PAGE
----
Ben Wikler of MoveOn wrote a helpful Twitter thread recently on why it’s a really bad idea to call multiple members of Congress pretending to be a constituent of theirs.
Wikler is a pro who knows his stuff. This is a guy who spends most of his time urging others to call and write to their representatives and senators about very important matters that have a huge impact on the real lives of real people. He understands the stakes here for citizens and families and communities.
And Wikler understands that those stakes are particularly high when it comes to whatever it is that Republican senators are now doing, in secret, to ram through some version of the horrifying “American Health Care Act” that was passed by the House. That bill, in every form the public has been allowed to see, would gut Medicaid — slashing its funding by nearly $1 trillion over the next decade. It would remove the protections that enable those with “pre-existing” health conditions to afford health insurance — allowing almost anything to be regarded as a pre-existing condition that would price them out of the insurance market. It gets rid of regulations requiring health insurance to actually pay for health care — allowing insurers to exempt hospitalization, doctors visits, maternity care, prescription costs, and just about anything else that we actually need insurance for. And it would likely mean skyrocketing premiums that most families simply cannot afford.
If this “mean” bill — that’s how Donald Trump described it — becomes law, at least 23 million Americans are expected to lose their access to health care. And almost everyone else — except for a few young, single, healthy and wealthy folks — will wind up spending a lot more money for insurance that covers a lot less actual care. Insurers will again be allowed to impose lifetime limits and annual limits on health coverage, but this will be worse than in the pre-ACA days because those who are thereby impoverished by chronic illness, cancer, or childhood conditions will no longer be able to rely on Medicaid as a safety net.
People will die. That’s not hyperbole. It’s not rhetorical. It is the absolutely predictable, inevitable consequence of this bill becoming law.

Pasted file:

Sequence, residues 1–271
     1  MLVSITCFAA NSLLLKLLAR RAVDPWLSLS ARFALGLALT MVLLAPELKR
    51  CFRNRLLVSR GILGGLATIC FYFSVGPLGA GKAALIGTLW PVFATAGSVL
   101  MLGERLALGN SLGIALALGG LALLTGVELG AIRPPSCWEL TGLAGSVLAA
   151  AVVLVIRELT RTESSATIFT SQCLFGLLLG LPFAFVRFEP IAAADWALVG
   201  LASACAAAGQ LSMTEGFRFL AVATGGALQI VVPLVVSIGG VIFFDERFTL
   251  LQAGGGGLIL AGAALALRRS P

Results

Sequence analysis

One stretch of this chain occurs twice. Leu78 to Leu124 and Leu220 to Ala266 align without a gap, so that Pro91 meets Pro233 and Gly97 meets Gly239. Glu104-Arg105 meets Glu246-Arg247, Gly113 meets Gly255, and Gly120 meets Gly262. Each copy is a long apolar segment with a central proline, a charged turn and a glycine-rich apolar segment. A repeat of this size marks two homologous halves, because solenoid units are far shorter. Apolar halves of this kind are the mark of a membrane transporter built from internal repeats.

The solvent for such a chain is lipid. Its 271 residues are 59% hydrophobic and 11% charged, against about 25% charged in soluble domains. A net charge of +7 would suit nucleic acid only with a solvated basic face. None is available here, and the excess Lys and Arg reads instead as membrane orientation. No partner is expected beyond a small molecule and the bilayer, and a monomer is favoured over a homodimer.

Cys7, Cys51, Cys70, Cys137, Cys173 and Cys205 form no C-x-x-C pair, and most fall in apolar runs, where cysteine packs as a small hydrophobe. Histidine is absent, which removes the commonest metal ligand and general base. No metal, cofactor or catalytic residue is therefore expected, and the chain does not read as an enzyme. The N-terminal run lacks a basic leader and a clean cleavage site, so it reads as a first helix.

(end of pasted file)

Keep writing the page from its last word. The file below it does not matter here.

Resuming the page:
That’s important. That’s Very Very Bad. And that’s why Ben Wikler has been sounding the alarm and urgently calling for everyone who has a physical body that is, has been, or may ever be, less than perfectly healthy to pick up the phone and contact their representatives and senators to express their opposition to this horrible, harmful, indefensible legislation.
But it’s also why Wikler is, at the same time, urging everyone to be honest when making those phone calls.
Given the literally life-and-death stakes of this legislation, Wikler realizes, “You might be tempted to call multiple Republican Senate offices pretending to be a constituent. Here’s why I STRONGLY urge you not to.” He continues:
The fact that Congressional offices take constituent phone calls seriously is an incredibly precious, even sacred, democratic tradition. If Congressional offices stop believing phone calls represent actual constituents calling to voice their concerns, they’ll ignore them. …
Phone calls are taken far more seriously specifically because each one involves an actual human being on the other end of the line. The unfakeable effort required to make phone calls & the ability to check area & zip codes makes them reliable enough to use as signals. If constituents care a lot about something, Senators get a lot of calls about it. If they don’t, they don’t. Real way to track energy. But if Senators come to think a lot of calls they’re getting aren’t really from constituents, they could tune out the signal entirely.
If calls are ignored, constituents — all of us — lose a significant source of our small-d democratic power. Let’s not poison this well. Call your senators daily. Recruit others to call. But don’t call and lie about where you’re from.
So: make phones ring off the hook — with REAL calls. This isn’t high-mindedness, it’s practical power politics. Don’t lie on the phone.
That’s a very specific bit of advice about one very specific thing. But it is not only that.